Against the snares of demons,
Against the seductions of vices,
Against the lusts of nature,
Against everyone who meditates injury to me,
Whether far or near,
Whether few or with many.
I invoke today all these virtues
Against every hostile merciless power
Which may assail my body and my soul,
Against the incantations of false prophets,
Against the black laws of heathenism,
Against the false laws of heresy,
Against the deceits of idolatry,
Against the spells of women, smiths, and wizards,
Against every knowledge that binds the soul of man.
Christ, protect me today
Against every poison, against burning,
Against drowning, against death-wound,
That I may receive abundant reward.
Christ with me, Christ before me,
Christ behind me, Christ within me,
Christ beneath me, Christ above me,
Christ at my right, Christ at my left,
Christ in the fort,
Christ in the chariot seat,
Christ in the poop [deck],
Christ in the heart of everyone who thinks of me,
Christ in the mouth of everyone who speaks to me,
Christ in every eye that sees me,
Christ in every ear that hears me.
I bind to myself today
The strong virtue of an invocation of the Trinity,
I believe the Trinity in the Unity
The Creator of the Universe.


I recommend his Confessions of St. Patrick and Letter to Coroticus by St.Patrick, Saint Patrick. It is a short work, but definitely worth having in your library, as a historical reflection and devotion. It definitely makes you grateful and inspired. May we all aspire to be ‘sterner stuff,’ like St. Patrick, who was a servant of Christ, and the original Hibernophile (lover of the Irish).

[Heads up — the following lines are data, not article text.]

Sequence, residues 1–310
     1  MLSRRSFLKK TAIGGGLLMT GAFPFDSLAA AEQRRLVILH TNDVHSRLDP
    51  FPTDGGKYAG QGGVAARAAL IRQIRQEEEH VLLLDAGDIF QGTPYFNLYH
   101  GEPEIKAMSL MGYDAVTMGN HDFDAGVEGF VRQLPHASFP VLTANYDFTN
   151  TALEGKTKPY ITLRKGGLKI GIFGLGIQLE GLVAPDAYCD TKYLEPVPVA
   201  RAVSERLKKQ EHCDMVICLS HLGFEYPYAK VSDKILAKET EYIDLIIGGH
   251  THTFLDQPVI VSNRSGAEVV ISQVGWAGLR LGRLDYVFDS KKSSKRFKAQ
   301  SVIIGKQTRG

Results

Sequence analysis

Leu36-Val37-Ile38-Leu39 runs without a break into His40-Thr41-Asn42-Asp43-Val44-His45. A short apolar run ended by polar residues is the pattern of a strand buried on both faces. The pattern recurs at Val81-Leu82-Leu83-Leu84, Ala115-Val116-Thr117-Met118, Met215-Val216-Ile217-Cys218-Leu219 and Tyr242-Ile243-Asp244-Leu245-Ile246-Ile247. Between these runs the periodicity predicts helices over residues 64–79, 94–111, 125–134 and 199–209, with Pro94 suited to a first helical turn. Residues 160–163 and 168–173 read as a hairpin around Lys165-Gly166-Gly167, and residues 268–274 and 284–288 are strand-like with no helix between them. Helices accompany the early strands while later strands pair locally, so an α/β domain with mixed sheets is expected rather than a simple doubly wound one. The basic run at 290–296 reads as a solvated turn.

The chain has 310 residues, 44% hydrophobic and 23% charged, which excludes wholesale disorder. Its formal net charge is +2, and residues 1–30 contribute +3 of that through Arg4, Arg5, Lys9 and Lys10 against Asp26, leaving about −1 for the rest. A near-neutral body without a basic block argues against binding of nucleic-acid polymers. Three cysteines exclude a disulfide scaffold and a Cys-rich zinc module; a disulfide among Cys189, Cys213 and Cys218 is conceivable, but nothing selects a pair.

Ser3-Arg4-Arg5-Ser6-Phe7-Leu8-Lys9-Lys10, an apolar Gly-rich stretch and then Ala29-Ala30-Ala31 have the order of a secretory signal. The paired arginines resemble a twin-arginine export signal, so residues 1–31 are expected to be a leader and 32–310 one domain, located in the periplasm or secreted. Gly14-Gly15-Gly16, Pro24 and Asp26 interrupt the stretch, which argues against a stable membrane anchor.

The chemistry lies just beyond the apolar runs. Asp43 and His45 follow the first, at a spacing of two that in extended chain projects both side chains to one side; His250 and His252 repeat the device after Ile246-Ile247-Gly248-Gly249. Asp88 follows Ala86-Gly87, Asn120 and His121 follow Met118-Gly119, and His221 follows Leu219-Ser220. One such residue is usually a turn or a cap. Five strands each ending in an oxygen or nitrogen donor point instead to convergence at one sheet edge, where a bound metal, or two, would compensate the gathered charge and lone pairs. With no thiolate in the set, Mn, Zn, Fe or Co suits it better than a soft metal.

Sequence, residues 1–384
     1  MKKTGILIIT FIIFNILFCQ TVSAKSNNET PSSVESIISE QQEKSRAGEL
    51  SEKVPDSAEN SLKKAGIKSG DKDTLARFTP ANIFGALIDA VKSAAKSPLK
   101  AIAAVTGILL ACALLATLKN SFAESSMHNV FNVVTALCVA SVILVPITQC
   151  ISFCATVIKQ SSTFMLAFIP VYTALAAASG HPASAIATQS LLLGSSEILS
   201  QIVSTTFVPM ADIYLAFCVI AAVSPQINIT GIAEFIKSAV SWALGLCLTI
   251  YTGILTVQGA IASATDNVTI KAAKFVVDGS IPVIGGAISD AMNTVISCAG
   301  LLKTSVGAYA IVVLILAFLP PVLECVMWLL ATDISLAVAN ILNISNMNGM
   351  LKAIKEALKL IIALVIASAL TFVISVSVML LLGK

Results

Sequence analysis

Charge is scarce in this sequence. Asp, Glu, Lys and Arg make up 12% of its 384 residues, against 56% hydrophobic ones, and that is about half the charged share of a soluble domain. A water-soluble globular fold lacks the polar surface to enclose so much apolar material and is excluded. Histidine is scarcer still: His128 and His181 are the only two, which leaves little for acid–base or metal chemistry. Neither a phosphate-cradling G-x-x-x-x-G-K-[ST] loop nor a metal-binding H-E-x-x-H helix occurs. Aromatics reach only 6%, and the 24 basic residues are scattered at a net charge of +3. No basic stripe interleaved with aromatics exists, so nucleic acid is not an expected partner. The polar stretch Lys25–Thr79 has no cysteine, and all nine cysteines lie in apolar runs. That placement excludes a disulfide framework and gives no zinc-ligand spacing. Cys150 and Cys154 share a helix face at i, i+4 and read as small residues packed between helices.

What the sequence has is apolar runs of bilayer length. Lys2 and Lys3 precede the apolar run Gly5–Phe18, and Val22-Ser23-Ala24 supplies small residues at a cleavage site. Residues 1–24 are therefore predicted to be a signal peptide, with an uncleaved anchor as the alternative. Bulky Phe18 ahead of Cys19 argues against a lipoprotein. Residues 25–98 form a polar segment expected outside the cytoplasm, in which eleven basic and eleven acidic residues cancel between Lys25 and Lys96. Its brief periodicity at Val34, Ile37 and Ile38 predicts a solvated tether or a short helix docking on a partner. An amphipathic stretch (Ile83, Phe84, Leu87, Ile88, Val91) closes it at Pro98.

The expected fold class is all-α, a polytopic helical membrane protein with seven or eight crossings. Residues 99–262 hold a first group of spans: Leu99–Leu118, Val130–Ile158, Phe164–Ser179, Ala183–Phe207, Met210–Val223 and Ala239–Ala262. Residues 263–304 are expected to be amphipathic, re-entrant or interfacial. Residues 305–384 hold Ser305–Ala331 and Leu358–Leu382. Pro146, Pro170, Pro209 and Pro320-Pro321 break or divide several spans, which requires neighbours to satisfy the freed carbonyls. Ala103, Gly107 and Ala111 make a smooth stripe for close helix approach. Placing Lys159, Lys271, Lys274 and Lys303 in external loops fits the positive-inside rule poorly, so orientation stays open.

If you are interested in the overall history of Saint Patrick, then I’d recommend this biography by Philip Freeman, St. Patrick of Ireland: A Biography .  For an overall account of Celtic Christianity, and its impact on Western Civilization, I’d recommend this book by Thomas Cahill How the Irish Saved Civilization: The Untold Story of Ireland’s Heroic Role from the Fall of Rome to the Rise of Medieval Europe.

Hope everyone has a great day. May Christ be before, behind you, and in you. Amen.

About:

I’m just a guy who has read a few books and have taken a few classes. I love the idea of the University, but am skeptical of most Universities. I live with my family in the Midwest of the USA, and I seek to organize my thoughts, build a legacy for myself and my family, … Continue reading “About:”

I’m just a guy who has read a few books and have taken a few classes. I love the idea of the University, but am skeptical of most Universities.

I live with my family in the Midwest of the USA, and I seek to organize my thoughts, build a legacy for myself and my family, and share my life with others.